Figure 1. The conductor has a 60-amp breaker at the utility feed end and it has a 40-amp backfed breaker at the PV inverter end. If the conductor is not tapped for loads or other sources, then the highest current that it could ever see under any normal or fault condition is 60 amps, the rating of the highest connected supply overcurrent.

Is the Code Too Conservative?

The information in the following paragraph is technical in nature and may be subject to further investigation. It gives some indication that theCodemay not be as overly conservative as many feel it is.

While this situation of connecting supply overcurrent devices at opposite ends may be safe for restricted conductors, it may not be suitable for busbars in panelboards (load centers), even though this allowance is in the 2008 and 2011NEC. Panelboards are subject to busbar current limitations and are also subject to thermal limitations due to the heating associated with the thermal trip elements in the common thermal/magnetic molded-case circuit breakers. For example, a 100-amp, 120/240V panelboard is tested during the listing process with a 100-amp main breaker (line 1 and line 2) and two 100-amp load breakers (one per phase) mounted directly below the main breaker. The ambient temperature is raised to 45 degrees Celsius, the input and output currents are set at 100 amps, the temperature is allowed to stabilize, and the panel must pass this test with no deformation of any parts that would result in external damages. The internal thermal load is related to the heat produced by 100 amps passing through four circuit breaker trip elements. This would be a thermal load equivalent to 400 amps. If we add a double-pole backfed PV breaker, for example 20 amps, at the bottom of the panel, and if the loads on the panel were increased to 120 amps (per phase), no breakers would trip, no busbars would be overloaded, but the thermal load in the panel would be that associated with 480 amps, not the 400 amps for which the panel was designed and listed. Panel manufacturers have stated that these panels may not be able to pass UL listing tests with those excessive thermal loads. Plastic insulators could deform and arcs and sparks could result.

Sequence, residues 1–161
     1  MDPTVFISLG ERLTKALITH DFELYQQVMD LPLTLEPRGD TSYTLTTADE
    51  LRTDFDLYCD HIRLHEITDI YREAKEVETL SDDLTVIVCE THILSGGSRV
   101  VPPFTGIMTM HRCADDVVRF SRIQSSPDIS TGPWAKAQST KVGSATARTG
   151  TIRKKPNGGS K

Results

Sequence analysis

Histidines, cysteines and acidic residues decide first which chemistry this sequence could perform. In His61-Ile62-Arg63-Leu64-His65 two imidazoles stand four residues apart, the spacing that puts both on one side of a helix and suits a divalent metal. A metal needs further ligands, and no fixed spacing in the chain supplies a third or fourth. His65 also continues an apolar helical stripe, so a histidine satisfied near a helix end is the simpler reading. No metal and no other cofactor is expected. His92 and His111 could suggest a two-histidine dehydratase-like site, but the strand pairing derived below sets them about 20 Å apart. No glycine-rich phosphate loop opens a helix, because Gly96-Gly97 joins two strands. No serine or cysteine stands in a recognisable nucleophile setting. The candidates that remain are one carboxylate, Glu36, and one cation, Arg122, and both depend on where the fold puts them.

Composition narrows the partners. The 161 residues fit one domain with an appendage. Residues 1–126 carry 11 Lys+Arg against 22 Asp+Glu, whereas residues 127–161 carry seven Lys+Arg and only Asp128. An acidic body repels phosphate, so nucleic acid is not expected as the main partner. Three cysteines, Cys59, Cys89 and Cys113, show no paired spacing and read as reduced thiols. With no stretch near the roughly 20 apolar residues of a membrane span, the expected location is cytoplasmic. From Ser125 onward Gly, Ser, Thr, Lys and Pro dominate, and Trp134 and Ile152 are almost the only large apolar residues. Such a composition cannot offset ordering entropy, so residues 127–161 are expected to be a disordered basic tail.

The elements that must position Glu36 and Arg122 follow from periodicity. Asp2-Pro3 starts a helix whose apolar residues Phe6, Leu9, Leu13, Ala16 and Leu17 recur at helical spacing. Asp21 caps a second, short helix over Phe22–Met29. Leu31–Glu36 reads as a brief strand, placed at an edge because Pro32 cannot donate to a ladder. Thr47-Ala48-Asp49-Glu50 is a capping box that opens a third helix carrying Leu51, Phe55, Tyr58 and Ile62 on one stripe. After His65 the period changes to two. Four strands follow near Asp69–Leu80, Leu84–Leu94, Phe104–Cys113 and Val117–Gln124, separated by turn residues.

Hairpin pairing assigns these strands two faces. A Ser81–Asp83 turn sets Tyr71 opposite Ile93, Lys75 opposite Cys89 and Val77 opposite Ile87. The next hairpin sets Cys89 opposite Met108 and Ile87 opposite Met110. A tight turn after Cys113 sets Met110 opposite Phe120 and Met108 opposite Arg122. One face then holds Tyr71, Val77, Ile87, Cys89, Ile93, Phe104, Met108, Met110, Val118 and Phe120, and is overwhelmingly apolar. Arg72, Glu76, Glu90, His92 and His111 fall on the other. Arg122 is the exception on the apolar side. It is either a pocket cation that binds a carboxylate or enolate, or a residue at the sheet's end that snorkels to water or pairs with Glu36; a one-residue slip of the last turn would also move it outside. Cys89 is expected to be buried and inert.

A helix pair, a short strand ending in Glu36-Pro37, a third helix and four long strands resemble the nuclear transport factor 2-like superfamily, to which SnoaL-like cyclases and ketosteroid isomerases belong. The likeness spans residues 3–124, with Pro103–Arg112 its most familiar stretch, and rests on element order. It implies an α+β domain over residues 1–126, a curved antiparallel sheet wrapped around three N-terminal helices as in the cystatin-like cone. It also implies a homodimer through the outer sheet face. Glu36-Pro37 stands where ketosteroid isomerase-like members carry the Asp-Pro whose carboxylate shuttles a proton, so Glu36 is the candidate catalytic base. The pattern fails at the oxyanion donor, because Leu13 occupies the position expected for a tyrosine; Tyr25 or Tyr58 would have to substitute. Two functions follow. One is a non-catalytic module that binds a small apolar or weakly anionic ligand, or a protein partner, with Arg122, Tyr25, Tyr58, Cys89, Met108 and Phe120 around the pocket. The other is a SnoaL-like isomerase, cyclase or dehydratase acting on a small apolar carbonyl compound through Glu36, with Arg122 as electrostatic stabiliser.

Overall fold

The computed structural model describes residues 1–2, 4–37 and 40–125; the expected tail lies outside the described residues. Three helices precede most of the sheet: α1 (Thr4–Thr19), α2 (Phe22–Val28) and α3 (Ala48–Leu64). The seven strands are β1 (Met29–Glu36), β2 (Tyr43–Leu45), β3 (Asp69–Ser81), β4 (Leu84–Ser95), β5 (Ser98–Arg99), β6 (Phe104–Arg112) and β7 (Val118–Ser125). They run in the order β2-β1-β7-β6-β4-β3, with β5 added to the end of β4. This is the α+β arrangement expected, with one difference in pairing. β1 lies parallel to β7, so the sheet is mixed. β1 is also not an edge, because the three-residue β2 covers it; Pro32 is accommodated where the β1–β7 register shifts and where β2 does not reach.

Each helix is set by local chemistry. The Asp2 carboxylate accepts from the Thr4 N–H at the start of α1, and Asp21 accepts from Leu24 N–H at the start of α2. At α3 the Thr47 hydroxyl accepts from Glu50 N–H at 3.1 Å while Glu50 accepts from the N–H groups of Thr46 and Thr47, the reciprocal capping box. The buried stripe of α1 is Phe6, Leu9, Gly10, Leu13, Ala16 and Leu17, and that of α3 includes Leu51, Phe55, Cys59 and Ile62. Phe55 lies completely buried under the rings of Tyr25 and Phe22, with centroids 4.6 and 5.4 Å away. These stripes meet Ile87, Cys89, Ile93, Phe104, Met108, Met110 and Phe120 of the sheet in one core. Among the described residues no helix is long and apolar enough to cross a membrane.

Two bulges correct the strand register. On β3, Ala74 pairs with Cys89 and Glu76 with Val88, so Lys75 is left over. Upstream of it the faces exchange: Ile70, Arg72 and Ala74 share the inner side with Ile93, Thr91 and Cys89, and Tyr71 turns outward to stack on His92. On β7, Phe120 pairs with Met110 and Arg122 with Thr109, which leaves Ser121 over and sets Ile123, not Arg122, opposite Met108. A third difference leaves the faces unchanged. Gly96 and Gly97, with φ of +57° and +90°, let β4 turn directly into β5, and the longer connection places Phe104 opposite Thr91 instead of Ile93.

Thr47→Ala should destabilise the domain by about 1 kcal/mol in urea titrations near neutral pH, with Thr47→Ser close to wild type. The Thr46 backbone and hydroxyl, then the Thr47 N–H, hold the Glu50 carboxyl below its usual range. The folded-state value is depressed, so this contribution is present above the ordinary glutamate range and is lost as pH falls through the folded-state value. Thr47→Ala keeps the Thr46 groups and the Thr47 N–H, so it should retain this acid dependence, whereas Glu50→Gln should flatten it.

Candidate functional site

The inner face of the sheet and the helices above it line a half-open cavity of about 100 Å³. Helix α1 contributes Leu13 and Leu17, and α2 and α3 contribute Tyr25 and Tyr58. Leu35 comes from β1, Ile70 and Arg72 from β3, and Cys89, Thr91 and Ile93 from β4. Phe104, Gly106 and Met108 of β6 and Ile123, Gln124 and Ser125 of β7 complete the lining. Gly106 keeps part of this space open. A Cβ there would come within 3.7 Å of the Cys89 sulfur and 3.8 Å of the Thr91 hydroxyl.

How likely is it that increased loads would occur at the same time as high daytime PV outputs? No one knows, but the possibility exists and some inspectors report warm/hot load centers (without PV input) that may be operating already close to the rating of the main breaker. An extra copier, fax machine or large screen TV might tip the balance.